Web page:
Find out about our Indigenous research activities and how our Indigenous academics and students are contributing to science.
We are committed to completing Indigenous research that works with and for Aboriginal and Torres Strait Islander peoples. A summary of some of our research themes and projects is provided below.
Jobs, land, water and economy
We run several programs relating to Indigenous land use, monitoring and management, including our flagship program run in close collaboration with the Yawuru people of in and around Broome, Western Australia. This partnership with the Fenner School of Environment & Society focuses on developing practical uses of GIS to support Native Title decision making and provided the community with strategic intelligence for post native title governance.
Some of our other projects include:
- Landscape archaeology at Lake Mungo, Research School of Earth Sciences
- Biodiversity discovery in northern Australia, Research School of Biology
- Marginal socio-ecological systems in a changing climate, Fenner School of Environment & Society
- Is there a role for storm water channels in a water sensitive world?, Fenner School of Environment & Society.
Cultural and social issues and history
We are involved in multiple research projects that relate to Indigenous cultural and social issues and Indigenous history. One of our strengths in this area is dating historical and pre-historical events, including though the following projects:
- Radiocarbon dating of multiple Australian archaeological sites, Research School of Earth Sciences.
- Birth of a new language: Gurindji Kriol, Research School of Biology (led by the University of Queensland).
- Dating events in Indigenous history using methods from bioinformatics and molecular evolution, Mathematical Sciences Institute.
- STEM the gap: science belongs to us mob, too, Mathematical Sciences Institute.
The ANU College of Science runs three education programs in Indigenous communities, covering the fields of biodiversity and land management, seismology, rock art dating and mathematics.
- Australian Seismometers in Schools, including collaborations with APY Lands communities, Research School of Earth Sciences.
- Both-ways learning and research on biodiversity in remote Arnhem Land communities, including capacity building for rangers and youth in remote communities, Research School of Biology.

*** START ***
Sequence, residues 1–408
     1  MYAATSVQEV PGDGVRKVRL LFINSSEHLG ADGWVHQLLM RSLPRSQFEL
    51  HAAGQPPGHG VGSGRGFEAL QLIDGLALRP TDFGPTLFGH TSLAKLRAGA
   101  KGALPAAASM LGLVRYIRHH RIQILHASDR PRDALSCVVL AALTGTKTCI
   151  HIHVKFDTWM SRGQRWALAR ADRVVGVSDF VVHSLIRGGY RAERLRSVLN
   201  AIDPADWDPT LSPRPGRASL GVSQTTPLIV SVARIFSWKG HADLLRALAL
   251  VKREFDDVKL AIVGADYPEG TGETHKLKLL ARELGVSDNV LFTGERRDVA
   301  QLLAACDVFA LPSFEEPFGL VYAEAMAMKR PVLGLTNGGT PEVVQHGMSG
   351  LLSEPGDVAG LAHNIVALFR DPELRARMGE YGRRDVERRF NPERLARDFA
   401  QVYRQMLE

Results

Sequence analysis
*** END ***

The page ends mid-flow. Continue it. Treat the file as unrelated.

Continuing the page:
Where does an ANU researcher go when they need to get a meteorite cut?
Or a specific part tailor-made for their solar car?
Or specialised equipment to drill coral cores?
These are all requests which the workshop has fulfilled, contributing their expertise in mechanical engineering to ground-breaking research and development at ANU.
The workshop manufactures, maintains and modifies components for scientific instrumentation and experimentation; supplies parts and materials; and consults on design.
Today I am greeted at the workshop by apprentice Brooke Roy, who shows me around.The room is filled with unrecogniseable machines in all shapes and sizes, some that look like they date back to the 50s. Metal is grinding, whirring and hammering, and a tank in the corner is bubbling with water. Despite this, the room has a relaxed vibe. It’s kind of like being at a mechanics shop, except the staff are actually making the parts.
Despite the novelty of working on objects like meteorites, Brooke says she feels right at the home in the workshop.
“I grew up making things and building things with my Dad. We would pull apart bikes and make new ones together. So I always knew I wanted to do something with my hands, and I knew for sure that I never wanted to work at a desk!”
She shows me some of her personal creations she has made since working at ANU: beautifully crafted hammers, clamps, welded boxes. We talk about what it’s like being a part of the workshop.
“The people here are great. I work with someone different every day to get a range of expertise. One day Carl might show me something, and then the following day Andrew might go over it again. So I can see how things are done differently to get the same result.”
Working together, the team produces parts which end up all over the world.
The equipment for drilling coral cores was built for Professor Nerilie Abram, a coordinating lead author of the recent Intergovernmental Panel on Climate Change (IPCC) report. Professor Abram used the tool to inspect growth fluctuations caused by climate change.
And the parts for the solar car will now travel with it from Darwin to Adelaide for the Invictus Solar Car Challenge.
“Engineering students came to us with the drawings of what they wanted, and then we worked with them to turn it into a reality,” Brooke explains.
Reflecting on Brooke’s childhood building things with her Dad, I ask her if she chats to him about her work at ANU. She responds with a smile on her face:
“I come home and say ‘I cut a meteorite today, what’d you do?!”
Brooke Roy is the university's first Indigenous apprentice through the ANU Indigenous Apprentice Program.
Find out more about the program and The Research School of Earth Sciences Engineering Workshop.
Associate Professor Rowena Ball shares her experiences of working with students in remote Queensland communities for the STEM Professionals in Schools program.